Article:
Land managers carry a lot of information in their heads, but it can be difficult to transfer those details to others. As a public or private land manager, you are used to managing issues such as drought, fire, endangered plant and animal species, and more. But how easy is it to communicate these issues to others?
Our Geographic Information System (GIS) class will help you build the skills needed to develop a virtual land management plan that allows you to communicate your goals and objectives with the Department of Agriculture, the Bureau of Land Management, other land managers, or even people on your own team.
This self-paced land management planning program contains over 100 video lectures that can help you build the skills needed to develop land management plans and build a virtual map of the lands you manage.
By the end of this course, you should be able to:
You will also learn essential principles of GIS tools to create a virtual map of managed lands with your own pictures and data within GEP.
In this class you will learn how to effectively utilize GIS tools from Oregon State University Extension faculty in a variety of areas. The lecture and modules build off one another, ensuring that you can master these tools and methods.
At the end of the course, you should be able to use free or inexpensive GIS tools to create a land management plan that increases the profitability of the land you manage.
The focused curriculum of this GIS course was developed by an interdisciplinary group of Extension Service personnel at Oregon State to help:
If you manage public or private land in the west or work with those who do, you will likely benefit from this program.
This class will help you develop more effective land management plans. You will learn how to download and utilize historical files for your ranch, including historical fire boundaries, water sources, endangered species habitats and geographical data. Utilizing this information, you will be able to better identify ways to improve conditions and, importantly, communicate this information to others in an effective way.
Gathering and documenting this data in a visually impactful way can help you:
You will also ensure your land management plans live on, allowing these lessons and information to transfer to others.
In this online Land Management Planning for Public Agencies and Profitable Ranches program, you will be provided a basic foundation in ecology, GIS, and land management planning through dynamic presentations, videos, and specific tasks that you need to complete on rangelands and/or irrigated pastures.
Sergio Arispe, Ph.D. is the GEP-GIS PACE Course Team Leader. Since 2014, he has served as the Livestock & Rangeland Field Faculty in Malheur County, located in southeastern Oregon, where he works with public and private land managers to become familiar with tools that can address threats to the sagebrush steppe ecosystem and rangeland-based businesses.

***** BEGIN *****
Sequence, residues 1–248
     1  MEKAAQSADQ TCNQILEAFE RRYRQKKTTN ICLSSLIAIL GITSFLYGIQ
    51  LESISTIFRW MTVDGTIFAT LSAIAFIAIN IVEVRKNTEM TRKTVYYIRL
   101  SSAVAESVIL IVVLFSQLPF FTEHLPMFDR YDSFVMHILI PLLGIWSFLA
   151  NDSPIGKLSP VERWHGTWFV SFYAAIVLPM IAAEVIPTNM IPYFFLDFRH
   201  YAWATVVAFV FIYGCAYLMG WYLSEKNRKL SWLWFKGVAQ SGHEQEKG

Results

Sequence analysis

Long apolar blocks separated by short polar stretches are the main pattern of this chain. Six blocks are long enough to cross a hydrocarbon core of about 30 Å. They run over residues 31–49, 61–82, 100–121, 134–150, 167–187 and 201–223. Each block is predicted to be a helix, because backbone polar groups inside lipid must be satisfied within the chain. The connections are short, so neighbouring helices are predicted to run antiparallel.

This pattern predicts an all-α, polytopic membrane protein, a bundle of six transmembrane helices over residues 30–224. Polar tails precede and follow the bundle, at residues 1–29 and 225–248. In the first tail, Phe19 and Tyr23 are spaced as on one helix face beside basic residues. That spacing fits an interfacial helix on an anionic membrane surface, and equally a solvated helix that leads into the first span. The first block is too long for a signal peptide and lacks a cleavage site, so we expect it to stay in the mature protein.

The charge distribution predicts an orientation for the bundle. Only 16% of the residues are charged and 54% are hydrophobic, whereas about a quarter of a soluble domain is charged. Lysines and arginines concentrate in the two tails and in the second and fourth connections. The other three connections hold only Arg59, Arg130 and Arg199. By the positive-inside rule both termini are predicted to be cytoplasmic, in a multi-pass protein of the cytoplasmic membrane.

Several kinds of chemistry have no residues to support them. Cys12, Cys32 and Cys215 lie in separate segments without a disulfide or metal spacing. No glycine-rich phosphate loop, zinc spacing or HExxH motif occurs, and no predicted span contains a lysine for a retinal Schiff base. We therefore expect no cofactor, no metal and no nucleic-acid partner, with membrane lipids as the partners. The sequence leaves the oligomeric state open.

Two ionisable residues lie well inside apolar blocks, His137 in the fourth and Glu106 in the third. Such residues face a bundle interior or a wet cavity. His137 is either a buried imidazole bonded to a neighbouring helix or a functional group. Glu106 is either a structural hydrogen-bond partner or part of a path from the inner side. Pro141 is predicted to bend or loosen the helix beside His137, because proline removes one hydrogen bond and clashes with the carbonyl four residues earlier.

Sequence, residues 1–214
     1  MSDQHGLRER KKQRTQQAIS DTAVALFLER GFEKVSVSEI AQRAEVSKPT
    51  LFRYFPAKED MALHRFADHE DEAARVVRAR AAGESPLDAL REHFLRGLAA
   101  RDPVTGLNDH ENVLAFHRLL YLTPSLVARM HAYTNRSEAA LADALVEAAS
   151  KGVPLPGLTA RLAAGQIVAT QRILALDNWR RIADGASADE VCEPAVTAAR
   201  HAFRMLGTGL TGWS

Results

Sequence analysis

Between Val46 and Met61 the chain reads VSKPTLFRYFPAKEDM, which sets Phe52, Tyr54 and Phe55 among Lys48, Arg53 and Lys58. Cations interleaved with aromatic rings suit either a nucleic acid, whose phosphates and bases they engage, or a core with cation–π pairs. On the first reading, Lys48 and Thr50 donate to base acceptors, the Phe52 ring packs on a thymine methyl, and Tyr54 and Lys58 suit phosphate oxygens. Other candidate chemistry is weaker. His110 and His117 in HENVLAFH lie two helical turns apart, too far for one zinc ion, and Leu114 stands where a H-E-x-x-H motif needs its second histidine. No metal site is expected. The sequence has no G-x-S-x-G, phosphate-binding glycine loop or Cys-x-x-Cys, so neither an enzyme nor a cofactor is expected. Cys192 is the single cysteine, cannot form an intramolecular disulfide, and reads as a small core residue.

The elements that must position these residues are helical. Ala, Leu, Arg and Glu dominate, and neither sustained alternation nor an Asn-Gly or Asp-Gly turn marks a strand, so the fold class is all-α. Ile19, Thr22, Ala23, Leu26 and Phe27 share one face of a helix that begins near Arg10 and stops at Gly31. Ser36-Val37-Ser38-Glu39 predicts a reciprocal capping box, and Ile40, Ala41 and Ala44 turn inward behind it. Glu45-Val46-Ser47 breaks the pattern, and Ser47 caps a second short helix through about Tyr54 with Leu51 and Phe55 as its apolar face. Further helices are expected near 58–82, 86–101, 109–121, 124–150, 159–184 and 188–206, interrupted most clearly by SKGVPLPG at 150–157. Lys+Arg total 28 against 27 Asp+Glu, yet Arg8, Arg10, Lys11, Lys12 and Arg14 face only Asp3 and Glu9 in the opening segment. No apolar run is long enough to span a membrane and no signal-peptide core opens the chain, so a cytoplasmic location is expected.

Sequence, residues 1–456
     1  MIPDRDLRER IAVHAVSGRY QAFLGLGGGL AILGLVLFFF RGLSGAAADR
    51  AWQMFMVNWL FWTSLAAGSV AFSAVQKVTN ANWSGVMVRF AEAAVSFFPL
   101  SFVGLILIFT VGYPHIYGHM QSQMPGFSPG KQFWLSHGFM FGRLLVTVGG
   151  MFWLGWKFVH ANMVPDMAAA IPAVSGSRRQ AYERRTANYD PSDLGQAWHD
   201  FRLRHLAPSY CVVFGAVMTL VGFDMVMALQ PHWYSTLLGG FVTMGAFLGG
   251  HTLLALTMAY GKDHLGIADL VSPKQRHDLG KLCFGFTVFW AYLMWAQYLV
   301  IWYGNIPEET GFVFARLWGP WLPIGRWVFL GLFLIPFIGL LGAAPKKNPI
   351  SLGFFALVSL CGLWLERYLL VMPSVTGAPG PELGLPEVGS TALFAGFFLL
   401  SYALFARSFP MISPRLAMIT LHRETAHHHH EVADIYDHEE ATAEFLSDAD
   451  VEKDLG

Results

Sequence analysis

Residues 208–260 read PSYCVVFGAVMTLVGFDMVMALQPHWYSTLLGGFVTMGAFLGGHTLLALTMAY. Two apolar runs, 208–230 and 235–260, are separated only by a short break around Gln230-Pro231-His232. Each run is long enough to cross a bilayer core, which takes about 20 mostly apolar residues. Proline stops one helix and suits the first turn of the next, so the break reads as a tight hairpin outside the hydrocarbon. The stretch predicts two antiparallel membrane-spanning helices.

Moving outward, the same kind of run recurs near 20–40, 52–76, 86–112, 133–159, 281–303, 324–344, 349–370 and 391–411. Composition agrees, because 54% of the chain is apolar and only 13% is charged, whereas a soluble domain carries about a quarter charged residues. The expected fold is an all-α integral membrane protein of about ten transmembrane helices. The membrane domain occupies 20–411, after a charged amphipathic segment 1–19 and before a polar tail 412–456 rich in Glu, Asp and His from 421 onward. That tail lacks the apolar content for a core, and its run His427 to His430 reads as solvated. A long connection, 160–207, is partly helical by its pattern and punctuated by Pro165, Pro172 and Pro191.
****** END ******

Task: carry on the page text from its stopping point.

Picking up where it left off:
Dustin Johnson has worked over 12 years for Oregon State University, first as a Livestock and Rangeland Extension Agent in Harney County and now as the OSU Rangeland Outreach Coordinator at the Eastern Oregon Agricultural Research Center. The focus of his outreach and applied research includes developing resilient natural resource and livestock management systems, improving the success of rangeland restoration efforts, identifying management practices that enhance the productivity and resiliency of rangeland and wetland habitats, and facilitating landowner and grazing permittee participation in cooperative rangeland assessment and monitoring programs.
Vanessa Schroeder is one of the GEP-GIS PACE course instructors. She has worked as a faculty research assistant for Oregon State University since 2016, focusing her research and extension programs on supporting wildlife and ranching in sagebrush ecosystems.
Christy Tanner is one of the GEP-GIS PACE course instructors. Since 2018 she has served as the field crops and watershed management field faculty member in Malheur County. Her extension and research programs help farmers produce food, forage and seed crops economically, while conserving water, and reducing erosion.
Since 2016, Chris works with producers and land managers on monitoring, management plan development, and stockmanship. He uses these tools to guide public perception of livestock production from “Using pastures to feed cattle” to “Using cattle to shape our landscapes.”
Livestock/Forages/Irrigation Field Faculty—Klamath County
April Hulet, Ph.D. worked for the University of Idaho as the Extension Rangeland Specialist from 2015-2021. Currently at Brigham Young University, April continues to work with the public, land management agencies, and non-governmental organizations to promote sustainable and productive rangelands throughout sagebrush rangelands in the western US. Her primary research interests focus on restoration ecology, fire ecology, and remote sensing and GIS applications on rangeland ecosystems.